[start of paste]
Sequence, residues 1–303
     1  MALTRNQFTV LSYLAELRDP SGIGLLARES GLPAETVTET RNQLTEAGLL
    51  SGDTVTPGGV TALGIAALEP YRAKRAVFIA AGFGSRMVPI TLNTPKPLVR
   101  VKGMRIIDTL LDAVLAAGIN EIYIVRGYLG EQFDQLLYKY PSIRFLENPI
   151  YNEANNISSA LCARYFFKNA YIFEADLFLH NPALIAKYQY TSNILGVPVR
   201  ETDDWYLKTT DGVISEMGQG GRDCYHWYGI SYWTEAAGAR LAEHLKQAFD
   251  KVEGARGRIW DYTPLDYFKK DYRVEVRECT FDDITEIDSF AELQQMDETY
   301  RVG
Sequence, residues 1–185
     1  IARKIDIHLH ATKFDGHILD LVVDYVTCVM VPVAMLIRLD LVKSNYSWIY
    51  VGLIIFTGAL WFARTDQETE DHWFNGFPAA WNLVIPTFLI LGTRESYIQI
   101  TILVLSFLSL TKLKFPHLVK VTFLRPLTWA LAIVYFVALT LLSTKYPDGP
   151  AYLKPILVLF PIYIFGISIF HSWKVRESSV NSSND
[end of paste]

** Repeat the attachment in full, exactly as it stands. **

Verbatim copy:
Sequence, residues 1–303
     1  MALTRNQFTV LSYLAELRDP SGIGLLARES GLPAETVTET RNQLTEAGLL
    51  SGDTVTPGGV TALGIAALEP YRAKRAVFIA AGFGSRMVPI TLNTPKPLVR
   101  VKGMRIIDTL LDAVLAAGIN EIYIVRGYLG EQFDQLLYKY PSIRFLENPI
   151  YNEANNISSA LCARYFFKNA YIFEADLFLH NPALIAKYQY TSNILGVPVR
   201  ETDDWYLKTT DGVISEMGQG GRDCYHWYGI SYWTEAAGAR LAEHLKQAFD
   251  KVEGARGRIW DYTPLDYFKK DYRVEVRECT FDDITEIDSF AELQQMDETY
   301  RVG
Sequence, residues 1–185
     1  IARKIDIHLH ATKFDGHILD LVVDYVTCVM VPVAMLIRLD LVKSNYSWIY
    51  VGLIIFTGAL WFARTDQETE DHWFNGFPAA WNLVIPTFLI LGTRESYIQI
   101  TILVLSFLSL TKLKFPHLVK VTFLRPLTWA LAIVYFVALT LLSTKYPDGP
   151  AYLKPILVLF PIYIFGISIF HSWKVRESSV NSSND